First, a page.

For the surgery, I had a spinal and that was fine except it didn’t work. I was like “Excuse me, I can still feel and move my leg!” The anesthesiologist poked me with a needle because he didn’t believe me. I couldn’t see where he was poking and I yelled “OW!” So he had to administer more anesthetic. He said if I ‘d been a 200 lb guy, he would’ve proceeded with GA but since I was only 100 lb girl, it was easy for him to do another injection. I asked the anesthesiologist if he’d waive the use of sedation during surgery so I could hear what was going on. He didn’t but the dosing was light so I was able to hear my ortho sawing through my femur, reaming out my acetabulum then pounding in the prosthesis. That was pretty cool actually. I have a medical background so not much bothers me. The worst thing is poking at the lower half of your unfeeling body and how weird that feels. It didn’t even feel like…me. I had a lot or pain after surgery. I can’t take most opiates so my pain control was practically nil with just tramadol. I complained and asked for Fentanyl which I’d never tried. My ortho told me some of his patients didn’t react to it like other opiates. Amazingly, I had no reaction to it so bye-bye pain!

    That was on a Tuesday. Went home on Friday. Where I lived then had stairs and no elevator . I had to pull myself up using the railing while my sister watched helplessly nearby. There really wasn’t anything she could do. I survived. The day after I got home, my sister took me out to dinner. I wanted to go but darn, I had to navigate those stairs again. I made it with effort and it was worth getting out to do do something normal!

    I had a home nurse check my coumadin every day and had a PT come to my home 3 days per week. She even removed my stitches! 17 days after my surgery, I was driving my 5-speed sports car. 4 days later, no more crutches or walker. Woohoo!

    All in all, I’d say that it wasn’t the worst time of my life. I lived alone so I found very creative ways to accomplish things around my home during that time, especially with my cats. Poor guys. It’s 4 years post-surgery and the ceramic on plastic replacement gives me minimal trouble. No running, no high-impact activities, no more skydiving, no water or snow-skiing. But I can walk!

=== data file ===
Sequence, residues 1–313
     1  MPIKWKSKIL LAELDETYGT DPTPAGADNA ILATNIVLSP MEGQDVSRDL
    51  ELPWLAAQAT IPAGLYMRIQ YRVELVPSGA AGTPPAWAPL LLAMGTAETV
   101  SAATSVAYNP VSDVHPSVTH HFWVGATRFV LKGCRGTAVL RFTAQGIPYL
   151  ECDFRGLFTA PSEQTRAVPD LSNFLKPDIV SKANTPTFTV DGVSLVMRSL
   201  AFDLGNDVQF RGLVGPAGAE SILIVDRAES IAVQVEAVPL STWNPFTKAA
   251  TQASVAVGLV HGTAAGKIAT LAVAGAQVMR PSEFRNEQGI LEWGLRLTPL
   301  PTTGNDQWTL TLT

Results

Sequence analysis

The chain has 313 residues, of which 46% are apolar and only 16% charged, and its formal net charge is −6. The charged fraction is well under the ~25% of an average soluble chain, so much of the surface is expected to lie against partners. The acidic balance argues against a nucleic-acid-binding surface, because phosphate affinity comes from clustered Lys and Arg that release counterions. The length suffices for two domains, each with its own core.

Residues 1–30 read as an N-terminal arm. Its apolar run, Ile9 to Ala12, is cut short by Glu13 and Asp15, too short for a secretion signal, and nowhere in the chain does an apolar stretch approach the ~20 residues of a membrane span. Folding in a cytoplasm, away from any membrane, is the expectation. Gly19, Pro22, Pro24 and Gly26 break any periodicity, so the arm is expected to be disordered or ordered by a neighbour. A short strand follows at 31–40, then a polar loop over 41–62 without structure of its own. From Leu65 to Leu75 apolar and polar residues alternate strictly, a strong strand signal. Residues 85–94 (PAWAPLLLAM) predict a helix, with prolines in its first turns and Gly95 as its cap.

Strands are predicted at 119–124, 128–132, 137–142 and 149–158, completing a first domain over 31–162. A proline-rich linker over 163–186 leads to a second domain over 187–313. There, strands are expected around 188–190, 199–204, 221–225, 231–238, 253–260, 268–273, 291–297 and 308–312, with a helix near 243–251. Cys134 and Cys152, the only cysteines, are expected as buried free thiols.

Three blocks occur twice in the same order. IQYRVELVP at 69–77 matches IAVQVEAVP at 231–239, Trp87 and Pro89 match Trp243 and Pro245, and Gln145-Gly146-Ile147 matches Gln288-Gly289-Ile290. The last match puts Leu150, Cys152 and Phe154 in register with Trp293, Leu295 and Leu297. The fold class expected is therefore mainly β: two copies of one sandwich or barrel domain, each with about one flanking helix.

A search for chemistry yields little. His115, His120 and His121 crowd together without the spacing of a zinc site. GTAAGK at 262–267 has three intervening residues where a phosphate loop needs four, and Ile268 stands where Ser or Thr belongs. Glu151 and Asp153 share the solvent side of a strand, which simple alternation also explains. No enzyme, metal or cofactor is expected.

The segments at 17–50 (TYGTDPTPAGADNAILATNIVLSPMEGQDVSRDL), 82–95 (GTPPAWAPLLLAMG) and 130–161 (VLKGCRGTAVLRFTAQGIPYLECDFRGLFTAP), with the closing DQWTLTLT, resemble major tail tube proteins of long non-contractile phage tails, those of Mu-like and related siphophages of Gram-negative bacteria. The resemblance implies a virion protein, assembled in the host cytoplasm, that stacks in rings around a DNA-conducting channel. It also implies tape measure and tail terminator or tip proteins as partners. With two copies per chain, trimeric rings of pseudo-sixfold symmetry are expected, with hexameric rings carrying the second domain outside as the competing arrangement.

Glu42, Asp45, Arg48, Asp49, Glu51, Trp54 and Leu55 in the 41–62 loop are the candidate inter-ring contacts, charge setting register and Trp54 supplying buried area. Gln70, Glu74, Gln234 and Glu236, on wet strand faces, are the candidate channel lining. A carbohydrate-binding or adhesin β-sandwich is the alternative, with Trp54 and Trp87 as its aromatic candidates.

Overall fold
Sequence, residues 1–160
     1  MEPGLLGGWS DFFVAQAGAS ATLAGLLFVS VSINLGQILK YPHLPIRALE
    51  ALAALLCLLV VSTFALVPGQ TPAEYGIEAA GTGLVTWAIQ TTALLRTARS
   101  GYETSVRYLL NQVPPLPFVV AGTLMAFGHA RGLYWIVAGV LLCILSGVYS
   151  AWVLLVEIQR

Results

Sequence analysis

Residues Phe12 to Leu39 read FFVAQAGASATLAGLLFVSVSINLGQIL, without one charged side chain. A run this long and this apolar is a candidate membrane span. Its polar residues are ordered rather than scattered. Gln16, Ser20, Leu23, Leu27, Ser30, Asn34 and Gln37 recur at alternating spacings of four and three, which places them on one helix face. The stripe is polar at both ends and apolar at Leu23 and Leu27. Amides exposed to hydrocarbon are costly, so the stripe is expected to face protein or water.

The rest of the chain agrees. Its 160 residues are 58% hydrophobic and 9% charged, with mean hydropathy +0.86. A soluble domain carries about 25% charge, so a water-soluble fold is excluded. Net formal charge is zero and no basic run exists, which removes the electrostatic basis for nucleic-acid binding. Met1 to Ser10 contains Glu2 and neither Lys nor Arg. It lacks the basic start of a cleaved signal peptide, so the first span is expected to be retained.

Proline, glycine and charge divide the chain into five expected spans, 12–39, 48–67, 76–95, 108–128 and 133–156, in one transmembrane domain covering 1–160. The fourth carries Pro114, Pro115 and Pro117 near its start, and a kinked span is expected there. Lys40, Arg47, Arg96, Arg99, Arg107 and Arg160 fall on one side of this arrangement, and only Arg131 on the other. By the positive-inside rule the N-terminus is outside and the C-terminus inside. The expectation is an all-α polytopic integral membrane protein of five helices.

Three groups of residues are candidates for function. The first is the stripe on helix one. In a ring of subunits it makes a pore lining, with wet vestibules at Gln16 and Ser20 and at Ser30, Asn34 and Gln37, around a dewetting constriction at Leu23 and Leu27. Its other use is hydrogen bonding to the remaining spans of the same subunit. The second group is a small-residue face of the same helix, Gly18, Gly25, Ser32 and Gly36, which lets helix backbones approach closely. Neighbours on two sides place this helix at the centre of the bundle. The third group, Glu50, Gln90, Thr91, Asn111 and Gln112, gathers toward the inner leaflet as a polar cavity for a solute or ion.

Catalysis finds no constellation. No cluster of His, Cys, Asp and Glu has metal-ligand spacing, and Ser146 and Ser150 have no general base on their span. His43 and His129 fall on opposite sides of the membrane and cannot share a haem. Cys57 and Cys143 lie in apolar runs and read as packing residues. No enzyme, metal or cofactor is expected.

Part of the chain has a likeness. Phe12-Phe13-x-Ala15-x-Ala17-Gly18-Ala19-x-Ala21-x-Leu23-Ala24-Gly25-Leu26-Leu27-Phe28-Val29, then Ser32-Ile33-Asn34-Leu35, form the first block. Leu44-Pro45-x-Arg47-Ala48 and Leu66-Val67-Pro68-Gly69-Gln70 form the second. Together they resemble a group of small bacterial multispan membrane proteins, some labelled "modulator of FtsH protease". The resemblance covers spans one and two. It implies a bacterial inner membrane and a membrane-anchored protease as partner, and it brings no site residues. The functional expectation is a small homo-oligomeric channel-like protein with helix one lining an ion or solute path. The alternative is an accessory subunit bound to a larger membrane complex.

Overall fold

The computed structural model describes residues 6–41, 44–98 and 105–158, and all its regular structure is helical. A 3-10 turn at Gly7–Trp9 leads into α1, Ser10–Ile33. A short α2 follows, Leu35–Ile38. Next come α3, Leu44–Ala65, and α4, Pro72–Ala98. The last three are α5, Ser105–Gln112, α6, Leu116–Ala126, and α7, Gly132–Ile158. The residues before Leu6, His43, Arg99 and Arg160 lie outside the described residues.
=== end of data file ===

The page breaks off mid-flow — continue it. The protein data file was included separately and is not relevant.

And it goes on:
I did have to go to the ER a week after the surgery. I developed blood clots in each leg. They checked for PE but the imaging was inconclusive. Because of that I had to stay on coumadin for three months. They wanted 6 months and I said “No!” and haven’t had any problems since.

    6 months after the THR, I had a 3-level cervical fusion. Now that surgery was easy. In one morning, out the next afternoon. No pain at all. But that has now become a “failed” fusion and I’m looking a revision surgery but I am going to wait. I’ve recently been diagnosed with Hashimoto’s disease. Today I see the endo to do a work up for Addison’s. I really don’t want to have to start taking steroids again. Wish me luck!

    Thanks for your site. I always like hearing about other peoples’ experiences with their THRs,


  19. Goldie says:

    Your story was quite long but it was worth reading. This is another inspiration to those who are afraid to undergo surgery!


  20. kathy says:

    Hi Jan, Loved the article. I have to undergo a hip replacement soon, too. Question; I am also overweight (very) and am wondering how overweight you were and did it pose any consequences to recovery. Your article really helped ease some fears, but it is the overweight issue that scares me.